Surge in Jobless Claims Reaches 10-Month High

Unemployment Rate Dips

The number of Americans filing for jobless benefits has surged to the highest level in 10 months, suggesting that the labor market may be feeling the strain of high interest rates.

For the week ending June 8, unemployment benefit applications increased by 13,000, reaching 242,000, up from 229,000 the previous week, according to the Labor Department’s report on Thursday. This figure exceeded analysts’ expectations of 225,000 new claims and marked the highest level since August 2023.

The four-week average of claims, which helps to smooth out week-to-week fluctuations, also rose to 227,000, an increase of 4,750 from the prior week, marking the highest level since September.

Weekly unemployment claims serve as an indicator of U.S. layoffs and the overall direction of the job market. Despite this recent increase, claims have remained historically low since the massive job losses triggered by the COVID-19 pandemic in spring 2020.

While the latest figures are relatively high, they still fall within a range indicative of a healthy labor market. However, if layoffs continue at this level, it could impact Federal Reserve officials, who closely monitor the labor market when making interest rate decisions.

Since March 2022, the Federal Reserve has raised its benchmark borrowing rate 11 times to curb the highest inflation in four decades, which emerged after the economy rebounded from the COVID-19 recession. The goal was to cool a hot labor market and slow wage growth, which can drive inflation.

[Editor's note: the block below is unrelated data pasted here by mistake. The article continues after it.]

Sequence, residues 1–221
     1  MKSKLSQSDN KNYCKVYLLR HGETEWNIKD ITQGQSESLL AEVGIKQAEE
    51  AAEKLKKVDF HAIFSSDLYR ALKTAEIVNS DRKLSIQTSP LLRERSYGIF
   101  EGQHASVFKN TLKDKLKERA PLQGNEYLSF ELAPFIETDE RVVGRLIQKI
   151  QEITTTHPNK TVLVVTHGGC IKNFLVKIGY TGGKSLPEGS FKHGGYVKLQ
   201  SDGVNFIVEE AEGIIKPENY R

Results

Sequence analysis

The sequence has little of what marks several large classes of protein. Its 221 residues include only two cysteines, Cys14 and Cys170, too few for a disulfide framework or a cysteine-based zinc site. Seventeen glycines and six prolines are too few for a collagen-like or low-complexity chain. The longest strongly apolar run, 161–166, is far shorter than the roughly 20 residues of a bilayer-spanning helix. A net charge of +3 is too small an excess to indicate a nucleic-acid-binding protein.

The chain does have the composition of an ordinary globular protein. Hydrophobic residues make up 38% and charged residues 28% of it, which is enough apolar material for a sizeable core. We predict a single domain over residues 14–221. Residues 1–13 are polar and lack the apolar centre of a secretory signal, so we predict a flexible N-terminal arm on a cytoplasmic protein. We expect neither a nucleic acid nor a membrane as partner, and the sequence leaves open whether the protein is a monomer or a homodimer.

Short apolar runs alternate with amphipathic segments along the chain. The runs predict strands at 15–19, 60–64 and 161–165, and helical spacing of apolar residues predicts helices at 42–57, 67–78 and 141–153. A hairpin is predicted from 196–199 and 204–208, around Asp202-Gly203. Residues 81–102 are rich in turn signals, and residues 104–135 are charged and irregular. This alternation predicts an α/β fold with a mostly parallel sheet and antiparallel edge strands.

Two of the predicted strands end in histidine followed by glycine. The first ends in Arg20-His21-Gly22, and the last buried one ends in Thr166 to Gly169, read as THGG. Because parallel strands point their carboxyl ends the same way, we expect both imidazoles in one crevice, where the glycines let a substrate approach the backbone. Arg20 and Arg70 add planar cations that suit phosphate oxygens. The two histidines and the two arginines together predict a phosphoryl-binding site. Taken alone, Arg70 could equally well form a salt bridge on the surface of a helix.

Despite predictions that these rapid rate hikes would trigger a recession, strong consumer demand and a resilient labor market have so far prevented this outcome.

Although a report on Wednesday indicated a slight cooling in consumer inflation last month, the Federal Reserve maintained its benchmark lending rate at a 23-year high. Fed Chair Jerome Powell emphasized the need for more evidence that price increases are heading toward the 2% target.

In May, U.S. employers added a robust 272,000 jobs, an increase from April, indicating that companies remain confident in the economy despite high interest rates.

However, the latest government report showed signs of a potential slowdown. The unemployment rate edged up for the second consecutive month to 4%, from 3.9%, ending a 27-month streak of unemployment below 4%. This streak was the longest since the late 1960s.

Additionally, job openings fell to 8.1 million in April, the lowest number of vacancies since 2021.

Although layoffs remain relatively low, some high-profile companies, particularly in the technology and media sectors, have announced job cuts. Google parent company Alphabet, Apple, and eBay are among those recently announcing layoffs.

Other companies outside of tech and media, such as Walmart, Peloton, Stellantis, Nike, and Tesla, have also announced job cuts recently.

In total, 1.82 million people were collecting jobless benefits during the week ending June 1, an increase of 30,000, the highest number since early this year.

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About the author: Stephanie Bedard-Chateauneuf has over six years of experience writing financial content for various websites. Over the years, Stephanie has covered various industries, with a primary focus on tech stocks, consumer stocks, health stocks, and personal finance. This stock lover likes to invest for the long-term. Stephanie has an MBA in finance.